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Good day! I'm currently trying to create a small 3D engine using C++, an Arduino UNO as well as a Nokia 5110 display with a library. Now I have successfully drawn a cube using triangles, but I want to fill the triangles to add proper lighting. My method for drawing triangles is the following:

LCD5110 lcd(8,9,10,12,11);

void DrawTriangle(int x1, int y1, int x2, int y2, int x3, int y3) {
 lcd.drawLine(x1, y1, x2, y2);
 lcd.drawLine(x2, y2, x3, y3);
 lcd.drawLine(x3, y3, x1, y1);
}

My library hasn't got a triangle draw or fill method unfortunately. I have no idea how I could fill a triangle so I hope for help.

Thanks in advance...

NOTE: Please keep it simple.

NOTE NR.2: I have already asked this question at StackOverflow but I haven't got a good answer so I will try it again.

  • It looks like nobody is answering... – Leocat Jan 3 at 15:55
  • That is most likely because there is no good answer. If your library doesn't provide a draw filled polygon method you have to draw it yourself. Ok, this is a standard algorithm in computer graphics but it's not easy to explain. E.g. have not enough time to think about how to explain it in a few words. But I can point you to an easy to understand algorithm that is called the "flood fill" algorithm. If I recall correctly there is a C++ implementation called FloodSpill. – Peter Paul Kiefer Jan 3 at 16:07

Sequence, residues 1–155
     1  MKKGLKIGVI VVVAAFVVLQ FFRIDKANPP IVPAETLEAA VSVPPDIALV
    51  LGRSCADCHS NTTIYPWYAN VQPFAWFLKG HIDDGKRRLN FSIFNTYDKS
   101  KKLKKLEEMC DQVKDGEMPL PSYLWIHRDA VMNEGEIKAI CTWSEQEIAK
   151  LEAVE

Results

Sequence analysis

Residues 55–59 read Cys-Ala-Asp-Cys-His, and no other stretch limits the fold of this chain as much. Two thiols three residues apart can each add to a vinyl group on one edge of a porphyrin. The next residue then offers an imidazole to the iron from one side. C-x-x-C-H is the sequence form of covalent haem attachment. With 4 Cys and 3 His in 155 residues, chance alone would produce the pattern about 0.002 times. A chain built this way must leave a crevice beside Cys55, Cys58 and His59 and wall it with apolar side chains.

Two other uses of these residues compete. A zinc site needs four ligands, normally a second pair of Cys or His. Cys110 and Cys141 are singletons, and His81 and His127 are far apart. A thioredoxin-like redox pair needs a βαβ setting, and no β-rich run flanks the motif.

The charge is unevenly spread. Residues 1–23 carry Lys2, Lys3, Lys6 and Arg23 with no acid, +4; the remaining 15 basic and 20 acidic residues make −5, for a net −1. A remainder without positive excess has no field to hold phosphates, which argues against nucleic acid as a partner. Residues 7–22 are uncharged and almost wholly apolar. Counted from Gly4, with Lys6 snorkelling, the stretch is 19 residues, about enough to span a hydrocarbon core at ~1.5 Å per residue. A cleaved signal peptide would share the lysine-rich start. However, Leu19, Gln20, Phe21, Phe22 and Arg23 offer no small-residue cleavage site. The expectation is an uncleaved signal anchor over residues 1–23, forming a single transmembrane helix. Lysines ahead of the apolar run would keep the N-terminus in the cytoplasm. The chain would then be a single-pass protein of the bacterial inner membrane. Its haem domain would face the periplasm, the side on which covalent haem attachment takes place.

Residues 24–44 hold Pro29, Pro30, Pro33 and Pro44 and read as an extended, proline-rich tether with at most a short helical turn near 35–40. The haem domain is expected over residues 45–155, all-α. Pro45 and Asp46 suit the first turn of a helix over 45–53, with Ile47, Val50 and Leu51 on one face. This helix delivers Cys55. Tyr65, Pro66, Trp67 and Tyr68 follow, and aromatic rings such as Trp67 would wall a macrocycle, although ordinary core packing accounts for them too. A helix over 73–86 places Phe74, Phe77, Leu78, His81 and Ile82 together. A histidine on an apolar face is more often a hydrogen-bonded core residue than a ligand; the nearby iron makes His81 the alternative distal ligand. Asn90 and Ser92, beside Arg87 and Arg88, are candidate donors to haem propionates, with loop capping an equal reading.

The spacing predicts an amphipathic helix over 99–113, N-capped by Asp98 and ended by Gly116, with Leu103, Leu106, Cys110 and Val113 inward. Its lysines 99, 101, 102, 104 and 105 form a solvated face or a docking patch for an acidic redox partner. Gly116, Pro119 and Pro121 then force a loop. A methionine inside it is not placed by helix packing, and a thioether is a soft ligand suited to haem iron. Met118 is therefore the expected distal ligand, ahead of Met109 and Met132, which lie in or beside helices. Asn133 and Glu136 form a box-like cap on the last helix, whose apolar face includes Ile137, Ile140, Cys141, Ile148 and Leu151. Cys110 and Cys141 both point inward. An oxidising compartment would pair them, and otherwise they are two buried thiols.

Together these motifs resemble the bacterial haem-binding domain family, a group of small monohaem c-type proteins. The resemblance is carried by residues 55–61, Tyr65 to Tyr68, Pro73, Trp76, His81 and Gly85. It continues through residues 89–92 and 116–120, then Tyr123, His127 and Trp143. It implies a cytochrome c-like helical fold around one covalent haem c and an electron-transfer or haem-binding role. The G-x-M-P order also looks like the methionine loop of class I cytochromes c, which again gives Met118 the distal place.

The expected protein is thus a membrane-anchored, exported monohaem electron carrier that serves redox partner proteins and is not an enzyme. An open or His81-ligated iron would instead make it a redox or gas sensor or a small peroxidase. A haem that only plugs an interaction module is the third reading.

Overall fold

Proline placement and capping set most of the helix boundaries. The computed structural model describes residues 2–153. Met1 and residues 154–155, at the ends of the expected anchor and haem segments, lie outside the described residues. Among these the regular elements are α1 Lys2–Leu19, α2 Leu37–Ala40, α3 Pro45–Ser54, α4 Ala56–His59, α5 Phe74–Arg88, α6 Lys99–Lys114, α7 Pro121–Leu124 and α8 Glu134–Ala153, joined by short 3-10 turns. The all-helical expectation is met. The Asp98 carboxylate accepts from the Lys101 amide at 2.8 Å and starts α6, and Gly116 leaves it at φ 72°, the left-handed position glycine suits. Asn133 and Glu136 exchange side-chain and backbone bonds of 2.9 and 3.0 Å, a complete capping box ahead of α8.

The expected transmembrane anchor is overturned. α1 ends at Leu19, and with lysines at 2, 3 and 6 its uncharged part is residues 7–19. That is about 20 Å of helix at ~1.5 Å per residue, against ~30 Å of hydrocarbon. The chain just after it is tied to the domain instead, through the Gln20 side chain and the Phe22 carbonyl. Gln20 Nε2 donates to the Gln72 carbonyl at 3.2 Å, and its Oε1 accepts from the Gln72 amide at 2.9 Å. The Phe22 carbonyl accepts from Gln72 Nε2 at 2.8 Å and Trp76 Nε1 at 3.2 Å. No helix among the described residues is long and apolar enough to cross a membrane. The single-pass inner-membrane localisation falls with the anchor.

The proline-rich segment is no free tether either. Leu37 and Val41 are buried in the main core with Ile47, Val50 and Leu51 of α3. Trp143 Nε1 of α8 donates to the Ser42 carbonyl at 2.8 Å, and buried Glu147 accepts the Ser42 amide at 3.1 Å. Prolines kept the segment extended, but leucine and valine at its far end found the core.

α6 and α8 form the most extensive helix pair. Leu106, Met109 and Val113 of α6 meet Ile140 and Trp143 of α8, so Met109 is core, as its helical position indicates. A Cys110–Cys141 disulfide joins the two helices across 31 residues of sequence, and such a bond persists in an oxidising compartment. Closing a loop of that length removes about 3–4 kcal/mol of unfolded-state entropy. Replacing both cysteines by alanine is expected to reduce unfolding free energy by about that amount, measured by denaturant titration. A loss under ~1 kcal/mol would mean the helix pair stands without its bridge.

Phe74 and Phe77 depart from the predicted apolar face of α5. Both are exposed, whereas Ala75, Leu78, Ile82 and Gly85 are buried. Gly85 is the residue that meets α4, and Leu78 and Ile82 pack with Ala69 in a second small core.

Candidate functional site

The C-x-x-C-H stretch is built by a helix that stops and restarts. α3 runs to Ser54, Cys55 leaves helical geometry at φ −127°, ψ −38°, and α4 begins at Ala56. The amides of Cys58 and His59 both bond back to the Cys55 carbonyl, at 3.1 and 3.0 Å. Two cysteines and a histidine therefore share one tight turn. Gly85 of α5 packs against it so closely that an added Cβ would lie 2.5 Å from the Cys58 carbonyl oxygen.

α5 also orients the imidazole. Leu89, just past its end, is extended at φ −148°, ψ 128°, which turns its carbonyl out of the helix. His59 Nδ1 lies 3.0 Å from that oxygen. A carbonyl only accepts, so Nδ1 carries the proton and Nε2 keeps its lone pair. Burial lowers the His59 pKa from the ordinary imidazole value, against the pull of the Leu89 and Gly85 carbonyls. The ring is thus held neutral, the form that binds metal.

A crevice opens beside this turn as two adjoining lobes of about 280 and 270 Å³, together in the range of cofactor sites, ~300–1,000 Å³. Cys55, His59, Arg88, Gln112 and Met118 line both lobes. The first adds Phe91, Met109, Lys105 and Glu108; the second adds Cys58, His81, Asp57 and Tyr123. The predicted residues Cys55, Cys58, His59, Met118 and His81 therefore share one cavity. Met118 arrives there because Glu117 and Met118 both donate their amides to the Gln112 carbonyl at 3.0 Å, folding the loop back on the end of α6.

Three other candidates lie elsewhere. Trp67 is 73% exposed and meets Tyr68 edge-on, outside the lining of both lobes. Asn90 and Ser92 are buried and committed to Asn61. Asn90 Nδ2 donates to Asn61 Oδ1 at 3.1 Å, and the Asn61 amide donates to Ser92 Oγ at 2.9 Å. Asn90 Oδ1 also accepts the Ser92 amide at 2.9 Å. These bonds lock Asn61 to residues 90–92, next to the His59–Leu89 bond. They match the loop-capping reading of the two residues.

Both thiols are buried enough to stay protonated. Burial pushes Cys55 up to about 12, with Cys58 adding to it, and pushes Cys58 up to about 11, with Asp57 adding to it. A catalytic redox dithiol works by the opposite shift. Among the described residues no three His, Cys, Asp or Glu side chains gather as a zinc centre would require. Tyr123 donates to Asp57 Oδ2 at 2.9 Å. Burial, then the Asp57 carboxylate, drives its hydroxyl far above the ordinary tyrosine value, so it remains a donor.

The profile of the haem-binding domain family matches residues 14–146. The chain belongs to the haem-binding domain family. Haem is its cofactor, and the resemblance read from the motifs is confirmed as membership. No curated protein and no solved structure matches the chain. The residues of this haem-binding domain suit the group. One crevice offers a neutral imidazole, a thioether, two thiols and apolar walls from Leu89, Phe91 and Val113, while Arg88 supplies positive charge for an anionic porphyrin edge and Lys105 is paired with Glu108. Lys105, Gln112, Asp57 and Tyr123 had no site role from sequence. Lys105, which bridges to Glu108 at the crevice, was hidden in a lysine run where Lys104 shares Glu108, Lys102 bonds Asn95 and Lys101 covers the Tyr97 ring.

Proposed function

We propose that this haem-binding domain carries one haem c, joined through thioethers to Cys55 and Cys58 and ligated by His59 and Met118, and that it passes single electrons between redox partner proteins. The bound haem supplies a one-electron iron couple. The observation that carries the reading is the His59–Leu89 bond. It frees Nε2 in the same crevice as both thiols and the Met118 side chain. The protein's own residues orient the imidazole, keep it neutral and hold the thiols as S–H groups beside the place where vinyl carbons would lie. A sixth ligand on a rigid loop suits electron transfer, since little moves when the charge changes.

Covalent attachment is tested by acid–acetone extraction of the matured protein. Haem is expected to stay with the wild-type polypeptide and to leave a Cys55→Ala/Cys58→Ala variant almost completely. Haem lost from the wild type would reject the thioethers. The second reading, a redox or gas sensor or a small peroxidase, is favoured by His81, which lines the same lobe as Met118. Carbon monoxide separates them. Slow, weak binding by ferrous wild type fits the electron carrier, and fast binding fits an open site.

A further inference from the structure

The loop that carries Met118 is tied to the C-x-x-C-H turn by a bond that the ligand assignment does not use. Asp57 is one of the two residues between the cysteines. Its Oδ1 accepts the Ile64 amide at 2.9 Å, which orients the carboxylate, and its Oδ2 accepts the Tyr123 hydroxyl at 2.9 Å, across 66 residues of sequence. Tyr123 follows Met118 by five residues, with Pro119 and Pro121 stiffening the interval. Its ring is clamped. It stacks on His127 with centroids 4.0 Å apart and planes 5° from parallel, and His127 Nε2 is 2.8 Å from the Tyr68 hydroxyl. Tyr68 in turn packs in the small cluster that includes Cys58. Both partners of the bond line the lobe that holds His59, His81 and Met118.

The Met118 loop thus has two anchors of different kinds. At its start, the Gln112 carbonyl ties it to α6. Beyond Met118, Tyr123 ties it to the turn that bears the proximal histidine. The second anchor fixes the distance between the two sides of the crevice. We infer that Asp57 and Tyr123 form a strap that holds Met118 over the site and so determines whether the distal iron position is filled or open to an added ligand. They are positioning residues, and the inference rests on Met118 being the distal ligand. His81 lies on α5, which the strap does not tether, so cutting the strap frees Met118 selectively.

• I will take a look at FloodSpill. – Leocat Jan 3 at 16:13
  • As I said in the comments of you answer: If the given solution works for you and performance doesn't matter, your solution is much better than my proposal. But don't forget to add the } to the code below. As it might confuse other that want to use your solution. – Peter Paul Kiefer Jan 3 at 16:19
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After tinkering around for hours I have finally found a great way to fill triangles! Here we go:

for(int x = x1; x<=x2; x++) {
    for(int y = y1; y<=y2; y++) {
     lcd.drawLine(x3, y3, x, y);
    }
}

Great!

|improve this answer|||||
  • If you add the missing } it will work. But it's not very efficient. If performance doesn't matter, you are right: It's simple and it works. – Peter Paul Kiefer Jan 3 at 16:16

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